Larry Bross doesn't like to talk about his family's hard times.
He's a proud man, justifiably so, and his office at City Care is filled with better memories: photos from his days as a Sooner, awards honoring his nonprofit work and notes and maps tied to projects both planned and under development.
He'd rather talk about those things. Not the bad years. Not the homelessness.
Not that stuff.
The troubles, though, are a significant part of the story. If every move had been successful, Bross and his wife, Masie Bross, wouldn't have had to grow. If they hadn't felt embarrassment, they wouldn't understand why people who need assistance don't always ask for it.
If they hadn't known tough times, well, maybe they wouldn't be helping so many homeless people today.
From prosperity to loss
Larry Bross, now 64, was an all-sport athlete at El Reno High. His father owned a full-service grocery store in town, but Bross wasn't fond of that kind of work.
He tried his hand at shining shoes before his entrepreneurial spirit saw a better opportunity in haying. As a teenager, he hired a crew of workers and went to work in the hay fields, his muscles growing stronger with each rectangular bale he threw.
His strength, athleticism and work ethic enabled him to walk on to the University of Oklahoma football team, backing up two-time All-American Granville Liggins. Larry wasn't the biggest guy on the team, but that was OK.
“We wanted to be quick,” he said. “We weren't big enough to overpower anybody. That worked out well for us until we came up against a team that was big and fast.”
He met Masie in their sophomore year at OU. She was pretty and positive, a former cheerleader at Woodward High and the daughter of Phil Ferguson, a wealthy rancher, banker and U.S. congressman. (Ferguson launched two unsuccessful gubernatorial bids in the 1950s, once as a Democrat and once as a Republican.)
Masie admired Larry's tenacity and brashness. On their first date, he got her to ride on the back of his motorcycle. They remember it for different reasons.
“I was absolutely scared to death,” she recalled.
“She squeezed me so tight,” he said.
They married in 1969. Masie left college for a job at Kerr-McGee.
After graduation, they moved to her father's ranch in Woodward, staying for years and producing three children: twins Lance and Shasta, now 40, and Luke, 31.
After a tornado destroyed their home, the family moved to Edmond. Larry started an oil field services company, and everything seemed to be running smoothly.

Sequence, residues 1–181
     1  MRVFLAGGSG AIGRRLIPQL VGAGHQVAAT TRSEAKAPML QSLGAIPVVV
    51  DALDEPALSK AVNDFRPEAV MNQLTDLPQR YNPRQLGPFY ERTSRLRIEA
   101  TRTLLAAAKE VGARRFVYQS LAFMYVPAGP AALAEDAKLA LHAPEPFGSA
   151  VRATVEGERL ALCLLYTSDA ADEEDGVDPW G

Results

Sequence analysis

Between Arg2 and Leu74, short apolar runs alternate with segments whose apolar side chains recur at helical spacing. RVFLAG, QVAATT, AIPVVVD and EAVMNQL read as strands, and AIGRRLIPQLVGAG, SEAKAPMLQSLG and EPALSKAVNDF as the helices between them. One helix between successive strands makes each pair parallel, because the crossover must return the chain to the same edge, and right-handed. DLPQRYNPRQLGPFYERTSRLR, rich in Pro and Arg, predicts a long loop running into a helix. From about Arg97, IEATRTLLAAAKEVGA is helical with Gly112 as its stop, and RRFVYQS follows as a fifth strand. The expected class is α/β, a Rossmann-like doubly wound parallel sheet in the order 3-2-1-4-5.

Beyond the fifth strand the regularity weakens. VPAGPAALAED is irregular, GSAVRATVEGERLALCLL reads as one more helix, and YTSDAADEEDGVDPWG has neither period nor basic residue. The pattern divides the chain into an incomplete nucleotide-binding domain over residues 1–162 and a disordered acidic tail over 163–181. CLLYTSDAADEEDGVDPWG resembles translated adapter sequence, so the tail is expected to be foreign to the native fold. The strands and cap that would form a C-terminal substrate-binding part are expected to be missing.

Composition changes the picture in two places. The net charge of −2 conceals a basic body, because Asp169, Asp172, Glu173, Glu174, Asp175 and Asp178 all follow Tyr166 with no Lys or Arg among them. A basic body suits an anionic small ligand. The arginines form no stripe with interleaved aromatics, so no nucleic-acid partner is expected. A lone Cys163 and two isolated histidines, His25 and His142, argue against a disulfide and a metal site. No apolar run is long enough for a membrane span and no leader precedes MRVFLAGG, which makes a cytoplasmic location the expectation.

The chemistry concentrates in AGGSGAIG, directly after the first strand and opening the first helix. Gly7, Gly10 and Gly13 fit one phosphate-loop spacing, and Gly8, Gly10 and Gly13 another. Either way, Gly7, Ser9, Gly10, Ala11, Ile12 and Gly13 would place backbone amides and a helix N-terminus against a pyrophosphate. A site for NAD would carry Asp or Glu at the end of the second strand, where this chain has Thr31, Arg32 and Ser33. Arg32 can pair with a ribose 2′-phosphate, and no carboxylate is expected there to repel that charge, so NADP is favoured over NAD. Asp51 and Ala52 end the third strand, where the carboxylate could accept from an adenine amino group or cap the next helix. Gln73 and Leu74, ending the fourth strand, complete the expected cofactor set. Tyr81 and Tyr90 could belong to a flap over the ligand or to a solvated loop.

“We bought a house (with) three times more value than the house we'd left in Woodward,” Masie said. “We put our kids in Christian schools. And the oil field bubble burst.
“Penn Square Bank went under (in 1982). Oil companies out the kazoo were filing bankruptcy. We lost our home. In the next seven years, we lived in six different rent houses, and at one point we were homeless and lived with some friends.”
Helping the hopeless
The oil bust left others in much worse shape than Masie and Larry.
That was obvious by the crowd that gathered each morning for a free breakfast at City Church, not far from downtown Oklahoma City.
Larry didn't go there to eat. He went to the church for the men's
“Being able to relate to them from our experiences of losing everything — our business, our home, being homeless — he just felt drawn to them,” Masie said. “He could understand everything about them except the hopelessness they felt.”
His family was enduring a rough patch, but they were staying in the top floor of a friend's posh home. He had a college degree, a solid resume, business contacts and others willing to help. Worst case scenario, he could do as Masie did and rely on his resume to land temporary jobs.
But these people ...
“When you're homeless and in that homeless line,” Masie said, her voice thick with emotion, “you're hopeless. You don't have anything. ... And he noticed that difference.”
He volunteered to help with the breakfast and soon was put in charge of it. He and Masie were amazed by how many people showed up. Looking back over about three months of records, they found that the church had served more than 2,000 meals. The figure was shocking.
“Where did this homeless population come from?” Masie said. “How can we be so clueless? How can we be in Edmond, minutes from this place, and be so clueless?”
The problem, they learned, had its roots in poverty and education. Impoverished children needed at least two things to become successful adults: a good education and a relationship with a stable, caring adult.
“That's when we went to Denver and brought Whiz Kids back to Oklahoma City,” Masie said.
Whiz Kids started life in 1990 as Wise Guys, an urban outreach program between the clergy and the business community in Denver. Under that name, the program provided one-on-one tutoring to 60 elementary schoolchildren in three locations.